You are the salt of the earth.
You are the light of the world.
~Matthew 5:13, 14
In a recent interview, Robin Wall Kimmerer notes that in Western culture, humility “is to be meek and mild and dispossessed.” In her own Potawatomi way of thinking it is bigger and more stable: “Edbesendowen is the word that we give for it: somebody who doesn’t think of himself or herself as more important than others.”
It’s not that you are not important, she clarifies, just that everyone else, everybody is as important, which “creates a “sense of vitality and community and family.” She continues, “Like, dang, aren’t we lucky to be surrounded by these genius bats and incredible fireflies? Humility that brings that sort of joy and belonging as opposed to submission…”
Kimmerer wants to see Fox news, but not the one you might think:
“What if we were paying attention to the natural world? I’ve often had this fantasy that we should have Fox News, by which I mean news about foxes. What if we had storytelling mechanisms that said it is important that you know about the well-being of wildlife in your neighborhood? That that’s newsworthy? This beautiful gift of attention that we human beings have is being hijacked to pay attention to products and someone else’s political agenda. Whereas if we can reclaim our attention and pay attention to things that really matter, there a revolution starts.”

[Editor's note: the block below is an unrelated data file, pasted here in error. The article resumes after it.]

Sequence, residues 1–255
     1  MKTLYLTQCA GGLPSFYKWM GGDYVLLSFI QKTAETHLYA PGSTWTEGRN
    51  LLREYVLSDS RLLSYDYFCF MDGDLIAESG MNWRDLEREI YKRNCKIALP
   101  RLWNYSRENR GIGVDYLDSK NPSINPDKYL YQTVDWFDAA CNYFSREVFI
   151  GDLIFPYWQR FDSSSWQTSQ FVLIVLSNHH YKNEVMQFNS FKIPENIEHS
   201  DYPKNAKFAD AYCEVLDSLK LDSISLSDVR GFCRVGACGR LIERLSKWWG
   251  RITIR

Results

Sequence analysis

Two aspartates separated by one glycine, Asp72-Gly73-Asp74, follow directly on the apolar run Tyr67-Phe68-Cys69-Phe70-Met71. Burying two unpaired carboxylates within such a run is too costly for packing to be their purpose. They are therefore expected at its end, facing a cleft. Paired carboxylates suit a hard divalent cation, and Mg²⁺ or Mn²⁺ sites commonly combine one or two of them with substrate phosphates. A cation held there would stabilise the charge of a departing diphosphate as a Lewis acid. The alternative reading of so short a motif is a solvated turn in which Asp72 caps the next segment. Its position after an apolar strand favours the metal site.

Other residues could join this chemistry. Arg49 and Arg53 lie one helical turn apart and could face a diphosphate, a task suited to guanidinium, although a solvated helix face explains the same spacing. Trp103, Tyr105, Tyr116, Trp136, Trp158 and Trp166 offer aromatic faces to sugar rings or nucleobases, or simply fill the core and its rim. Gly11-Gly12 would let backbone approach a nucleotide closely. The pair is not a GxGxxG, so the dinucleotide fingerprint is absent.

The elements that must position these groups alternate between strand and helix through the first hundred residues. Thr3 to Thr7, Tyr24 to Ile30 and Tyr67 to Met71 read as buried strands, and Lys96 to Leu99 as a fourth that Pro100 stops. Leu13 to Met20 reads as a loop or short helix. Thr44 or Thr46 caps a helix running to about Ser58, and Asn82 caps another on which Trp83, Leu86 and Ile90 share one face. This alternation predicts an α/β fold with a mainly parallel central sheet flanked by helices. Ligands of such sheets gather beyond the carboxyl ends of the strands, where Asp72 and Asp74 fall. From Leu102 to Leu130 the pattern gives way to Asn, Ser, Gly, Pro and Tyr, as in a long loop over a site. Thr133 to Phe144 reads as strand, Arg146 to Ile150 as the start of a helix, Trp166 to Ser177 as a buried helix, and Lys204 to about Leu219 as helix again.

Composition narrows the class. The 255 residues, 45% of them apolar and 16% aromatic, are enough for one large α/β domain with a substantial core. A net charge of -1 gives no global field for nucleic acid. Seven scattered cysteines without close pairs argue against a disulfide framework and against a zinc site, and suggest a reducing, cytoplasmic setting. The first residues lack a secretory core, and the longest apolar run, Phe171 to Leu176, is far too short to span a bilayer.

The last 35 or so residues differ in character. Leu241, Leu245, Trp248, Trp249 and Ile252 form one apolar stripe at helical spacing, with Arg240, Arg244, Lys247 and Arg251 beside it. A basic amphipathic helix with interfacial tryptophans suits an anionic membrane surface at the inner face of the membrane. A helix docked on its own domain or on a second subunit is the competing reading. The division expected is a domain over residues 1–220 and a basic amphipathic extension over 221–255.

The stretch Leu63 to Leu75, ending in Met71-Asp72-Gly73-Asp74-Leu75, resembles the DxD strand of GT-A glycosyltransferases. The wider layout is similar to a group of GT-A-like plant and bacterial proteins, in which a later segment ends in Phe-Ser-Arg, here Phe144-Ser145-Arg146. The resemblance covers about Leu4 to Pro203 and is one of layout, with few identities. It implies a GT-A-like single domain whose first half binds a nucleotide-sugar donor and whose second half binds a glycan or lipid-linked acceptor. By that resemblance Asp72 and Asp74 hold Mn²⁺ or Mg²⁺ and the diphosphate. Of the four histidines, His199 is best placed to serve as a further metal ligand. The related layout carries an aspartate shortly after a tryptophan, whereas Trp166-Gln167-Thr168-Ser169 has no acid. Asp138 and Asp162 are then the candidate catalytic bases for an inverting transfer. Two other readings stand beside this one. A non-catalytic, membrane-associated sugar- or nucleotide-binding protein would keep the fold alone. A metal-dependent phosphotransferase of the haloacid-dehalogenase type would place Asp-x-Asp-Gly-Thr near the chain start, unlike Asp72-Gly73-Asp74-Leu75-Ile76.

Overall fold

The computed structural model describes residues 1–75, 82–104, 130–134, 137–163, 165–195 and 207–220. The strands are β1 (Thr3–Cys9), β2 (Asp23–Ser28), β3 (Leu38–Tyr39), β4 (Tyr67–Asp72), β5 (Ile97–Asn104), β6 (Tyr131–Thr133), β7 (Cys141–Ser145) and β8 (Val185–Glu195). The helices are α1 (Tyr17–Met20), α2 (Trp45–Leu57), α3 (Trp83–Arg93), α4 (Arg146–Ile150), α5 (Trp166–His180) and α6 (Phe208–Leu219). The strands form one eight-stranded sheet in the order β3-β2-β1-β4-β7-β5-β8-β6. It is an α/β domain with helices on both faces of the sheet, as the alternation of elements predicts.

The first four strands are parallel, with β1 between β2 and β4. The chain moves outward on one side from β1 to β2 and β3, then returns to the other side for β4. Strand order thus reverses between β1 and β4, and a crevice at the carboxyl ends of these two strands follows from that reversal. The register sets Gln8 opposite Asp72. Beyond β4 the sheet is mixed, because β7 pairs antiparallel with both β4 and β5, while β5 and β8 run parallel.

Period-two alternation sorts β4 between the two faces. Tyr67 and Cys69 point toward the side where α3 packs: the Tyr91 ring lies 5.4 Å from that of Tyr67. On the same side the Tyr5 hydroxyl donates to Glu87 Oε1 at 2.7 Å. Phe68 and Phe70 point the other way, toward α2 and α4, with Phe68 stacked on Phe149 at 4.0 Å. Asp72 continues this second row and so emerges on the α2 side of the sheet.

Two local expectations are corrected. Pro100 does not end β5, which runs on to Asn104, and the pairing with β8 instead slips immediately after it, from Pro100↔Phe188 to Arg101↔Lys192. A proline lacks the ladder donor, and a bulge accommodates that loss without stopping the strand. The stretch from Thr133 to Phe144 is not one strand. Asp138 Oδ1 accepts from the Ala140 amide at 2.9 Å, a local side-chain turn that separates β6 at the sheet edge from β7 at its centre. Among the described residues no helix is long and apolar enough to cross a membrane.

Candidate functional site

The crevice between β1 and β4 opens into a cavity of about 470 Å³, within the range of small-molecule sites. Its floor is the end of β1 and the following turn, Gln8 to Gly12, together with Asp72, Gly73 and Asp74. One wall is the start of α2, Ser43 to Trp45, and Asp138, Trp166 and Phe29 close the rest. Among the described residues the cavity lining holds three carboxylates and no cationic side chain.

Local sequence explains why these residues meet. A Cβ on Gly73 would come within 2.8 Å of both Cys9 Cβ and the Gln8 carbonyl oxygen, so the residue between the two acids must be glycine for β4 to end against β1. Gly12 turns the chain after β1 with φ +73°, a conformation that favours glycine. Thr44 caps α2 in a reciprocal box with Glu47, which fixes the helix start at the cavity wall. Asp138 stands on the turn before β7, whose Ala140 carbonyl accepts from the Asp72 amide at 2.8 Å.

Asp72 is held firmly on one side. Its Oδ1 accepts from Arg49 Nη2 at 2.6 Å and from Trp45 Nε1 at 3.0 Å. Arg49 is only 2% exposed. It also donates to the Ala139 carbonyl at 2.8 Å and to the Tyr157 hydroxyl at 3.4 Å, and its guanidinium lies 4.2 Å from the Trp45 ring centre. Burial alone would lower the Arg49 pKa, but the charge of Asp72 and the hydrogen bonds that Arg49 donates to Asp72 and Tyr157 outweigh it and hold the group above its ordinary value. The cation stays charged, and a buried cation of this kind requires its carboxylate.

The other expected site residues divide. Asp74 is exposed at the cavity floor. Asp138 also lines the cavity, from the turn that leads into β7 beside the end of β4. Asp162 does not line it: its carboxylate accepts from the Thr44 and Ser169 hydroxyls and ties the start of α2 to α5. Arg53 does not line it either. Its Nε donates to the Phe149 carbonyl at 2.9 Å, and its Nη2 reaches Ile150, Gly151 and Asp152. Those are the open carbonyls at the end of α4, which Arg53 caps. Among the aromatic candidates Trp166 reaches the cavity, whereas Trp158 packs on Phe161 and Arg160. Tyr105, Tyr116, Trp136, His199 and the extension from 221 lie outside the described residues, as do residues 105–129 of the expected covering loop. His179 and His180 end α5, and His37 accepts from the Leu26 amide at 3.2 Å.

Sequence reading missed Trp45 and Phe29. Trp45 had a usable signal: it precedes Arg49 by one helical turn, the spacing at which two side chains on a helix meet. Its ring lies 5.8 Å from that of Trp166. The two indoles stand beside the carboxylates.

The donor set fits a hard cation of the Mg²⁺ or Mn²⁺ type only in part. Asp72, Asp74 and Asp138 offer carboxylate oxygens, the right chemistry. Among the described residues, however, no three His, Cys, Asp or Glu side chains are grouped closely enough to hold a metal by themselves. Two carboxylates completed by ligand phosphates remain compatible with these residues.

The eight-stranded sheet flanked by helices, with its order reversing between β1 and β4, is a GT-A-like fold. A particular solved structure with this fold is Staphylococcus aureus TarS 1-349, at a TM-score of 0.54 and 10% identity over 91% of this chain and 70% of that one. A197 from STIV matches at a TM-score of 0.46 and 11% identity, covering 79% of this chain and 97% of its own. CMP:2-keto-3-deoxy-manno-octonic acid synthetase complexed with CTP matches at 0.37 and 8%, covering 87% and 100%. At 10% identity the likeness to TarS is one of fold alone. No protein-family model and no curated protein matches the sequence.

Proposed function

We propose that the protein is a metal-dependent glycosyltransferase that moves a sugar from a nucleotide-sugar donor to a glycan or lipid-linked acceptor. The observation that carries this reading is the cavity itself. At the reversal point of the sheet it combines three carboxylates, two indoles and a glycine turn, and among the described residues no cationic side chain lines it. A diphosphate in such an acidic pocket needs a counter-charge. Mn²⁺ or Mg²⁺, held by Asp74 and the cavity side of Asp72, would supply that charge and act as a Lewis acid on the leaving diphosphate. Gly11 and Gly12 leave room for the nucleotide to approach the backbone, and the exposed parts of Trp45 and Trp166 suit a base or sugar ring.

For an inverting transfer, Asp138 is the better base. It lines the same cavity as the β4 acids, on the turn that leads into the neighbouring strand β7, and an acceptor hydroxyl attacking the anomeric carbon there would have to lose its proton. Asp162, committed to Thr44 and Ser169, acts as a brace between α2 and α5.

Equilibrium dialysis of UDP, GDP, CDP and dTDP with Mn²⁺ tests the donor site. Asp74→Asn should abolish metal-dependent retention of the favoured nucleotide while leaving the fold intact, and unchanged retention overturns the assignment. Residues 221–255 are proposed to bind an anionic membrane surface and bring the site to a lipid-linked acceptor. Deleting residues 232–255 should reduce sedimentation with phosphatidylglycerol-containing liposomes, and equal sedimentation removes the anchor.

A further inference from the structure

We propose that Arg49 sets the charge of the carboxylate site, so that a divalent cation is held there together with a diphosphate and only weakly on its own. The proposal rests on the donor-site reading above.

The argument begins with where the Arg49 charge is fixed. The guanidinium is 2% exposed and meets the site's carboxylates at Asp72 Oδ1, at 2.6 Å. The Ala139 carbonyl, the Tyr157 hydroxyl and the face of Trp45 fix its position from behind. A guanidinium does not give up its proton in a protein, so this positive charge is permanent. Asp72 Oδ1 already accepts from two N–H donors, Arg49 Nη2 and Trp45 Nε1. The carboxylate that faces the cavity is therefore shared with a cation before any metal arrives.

Jesus is seeking nothing less than a revolution as he continues his sermon in Matthew inviting all who hear to consider the light that shimmers from them and their equally radiant neighbor. This, as Kimmerer’s Potawatomi culture understands so well, is the soil that weeds out the toxic systemic assumptions that prevented Tyre Nichols from getting home that January 7th night. It grows the kind of justice that springs up healing in body and soul: bread for the hungry, good news to the poor.
Is such the fast that I choose,
a day to humble oneself?
Is not this the fast that I choose:
to loose the bonds of injustice,
to undo the thongs of the yoke,
to let the oppressed go free,
and to break every yoke?
Then your light shall break forth like the dawn,
and your healing shall spring up quickly;
~Isaiah 58:5a, 6, 8a
Enter into worship.[i]
Readings: Isaiah 58:1-9a † Psalm 112:1-9 † 1 Corinthians 2:1-12 † Matthew 5:13-20
About the Art: Laura James has been working as a professional artist and illustrator for over twenty-five years. In addition to painting sacred images from various religions, she portrays women, families, and scenes of everyday life; blending intricate patterns, text, vibrant colors and sometimes surreal imagery into what she calls “art for the people.”
[i] James, Laura. Sermon on the Mount, from Art in the Christian Tradition, a project of the Vanderbilt Divinity Library, Nashville, TN. https://diglib.library.vanderbilt.edu/act-imagelink.pl?RC=57891 [retrieved January 23, 2023]. Original source: Laura James, https://www.laurajamesart.com/collections/religious/.
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